Alfred Hitchcock and the Art of Negative Acting

An excellent movie. Particularly the explanation the young Mrs De Winter gives as she dreams of Manderley again. For all you Hitchcock lovers out there

Silver Screenings

No scenery chewing here. Image: IMDb

Director Alfred Hitchcock was famous for “storyboarding” a movie before filming it.

He would meticulously plan camera shots and final edits, filling his shooting script with drawings. (“A traveling artist’s sketch pad,” one reporter quipped.¹)

In his book, Hitchcock & Selznick, film historian Leonard J. Leff explores Hitchock’s filmography and cinematic style.

“He invariably caught a scene’s emotional tone in his imagery,” he writes. “Part of the effect relied on scale, part on juxtaposition. … [L]ong shots followed by close-ups – or vice versa – accentuated one another and lent vitality to a film; furthermore, cutting from a full shot to a small ‘thing’ endowed an object with great power or menace.”²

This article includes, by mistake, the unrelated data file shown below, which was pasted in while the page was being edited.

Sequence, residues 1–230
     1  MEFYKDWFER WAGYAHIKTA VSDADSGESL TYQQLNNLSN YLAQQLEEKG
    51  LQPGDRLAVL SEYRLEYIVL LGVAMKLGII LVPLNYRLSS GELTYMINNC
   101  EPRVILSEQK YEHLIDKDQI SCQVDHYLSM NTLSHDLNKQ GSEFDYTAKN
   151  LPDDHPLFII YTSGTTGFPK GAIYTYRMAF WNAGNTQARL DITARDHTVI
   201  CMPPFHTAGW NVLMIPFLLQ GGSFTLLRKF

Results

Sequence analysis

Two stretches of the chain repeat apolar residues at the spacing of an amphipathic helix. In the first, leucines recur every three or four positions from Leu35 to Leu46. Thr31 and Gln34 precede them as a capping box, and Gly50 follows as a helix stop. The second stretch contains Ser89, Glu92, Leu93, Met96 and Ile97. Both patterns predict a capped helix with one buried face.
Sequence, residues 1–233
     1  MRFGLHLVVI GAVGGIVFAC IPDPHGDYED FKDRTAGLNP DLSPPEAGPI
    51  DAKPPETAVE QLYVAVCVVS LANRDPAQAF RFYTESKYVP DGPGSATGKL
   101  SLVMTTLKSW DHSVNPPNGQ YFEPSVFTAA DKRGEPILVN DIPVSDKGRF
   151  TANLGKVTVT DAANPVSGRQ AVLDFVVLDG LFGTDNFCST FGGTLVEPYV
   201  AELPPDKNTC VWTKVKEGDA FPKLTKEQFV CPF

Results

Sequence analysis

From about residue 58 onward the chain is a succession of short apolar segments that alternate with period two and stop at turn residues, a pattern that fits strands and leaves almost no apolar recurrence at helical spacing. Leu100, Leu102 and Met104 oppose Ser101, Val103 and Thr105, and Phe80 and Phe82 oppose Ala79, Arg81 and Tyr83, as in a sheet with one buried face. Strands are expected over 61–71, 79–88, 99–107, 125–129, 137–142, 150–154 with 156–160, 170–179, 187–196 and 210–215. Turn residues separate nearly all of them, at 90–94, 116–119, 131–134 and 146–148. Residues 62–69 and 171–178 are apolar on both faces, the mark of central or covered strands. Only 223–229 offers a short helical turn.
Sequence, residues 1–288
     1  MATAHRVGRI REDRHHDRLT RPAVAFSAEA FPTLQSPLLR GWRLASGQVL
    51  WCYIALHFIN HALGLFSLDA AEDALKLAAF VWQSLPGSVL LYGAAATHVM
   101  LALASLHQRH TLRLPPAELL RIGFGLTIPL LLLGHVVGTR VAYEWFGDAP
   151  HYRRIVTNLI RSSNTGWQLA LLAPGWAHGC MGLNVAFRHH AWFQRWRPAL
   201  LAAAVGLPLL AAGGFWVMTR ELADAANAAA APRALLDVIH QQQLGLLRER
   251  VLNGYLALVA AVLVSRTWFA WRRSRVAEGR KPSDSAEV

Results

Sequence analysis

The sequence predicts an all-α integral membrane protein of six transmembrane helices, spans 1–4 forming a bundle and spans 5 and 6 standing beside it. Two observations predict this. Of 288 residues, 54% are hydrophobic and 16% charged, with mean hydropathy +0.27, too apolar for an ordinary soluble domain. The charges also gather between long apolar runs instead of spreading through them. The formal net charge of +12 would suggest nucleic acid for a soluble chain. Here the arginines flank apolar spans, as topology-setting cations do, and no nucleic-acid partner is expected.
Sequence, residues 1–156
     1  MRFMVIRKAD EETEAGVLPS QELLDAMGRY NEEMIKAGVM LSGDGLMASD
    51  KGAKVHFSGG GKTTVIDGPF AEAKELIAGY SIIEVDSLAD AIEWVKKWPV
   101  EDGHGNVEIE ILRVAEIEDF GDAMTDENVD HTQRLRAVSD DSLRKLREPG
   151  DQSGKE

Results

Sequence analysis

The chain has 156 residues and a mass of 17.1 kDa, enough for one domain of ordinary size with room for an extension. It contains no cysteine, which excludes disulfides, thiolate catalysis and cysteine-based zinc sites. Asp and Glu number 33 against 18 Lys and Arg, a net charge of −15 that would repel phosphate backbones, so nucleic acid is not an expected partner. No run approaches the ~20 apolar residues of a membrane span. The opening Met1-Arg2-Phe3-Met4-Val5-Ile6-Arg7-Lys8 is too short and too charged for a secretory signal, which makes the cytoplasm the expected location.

An excellent example of these visual polarities is the 1940 gothic thriller, Rebecca.

The film, based on the novel by Daphne du Maurier, is about a young, naïve girl…

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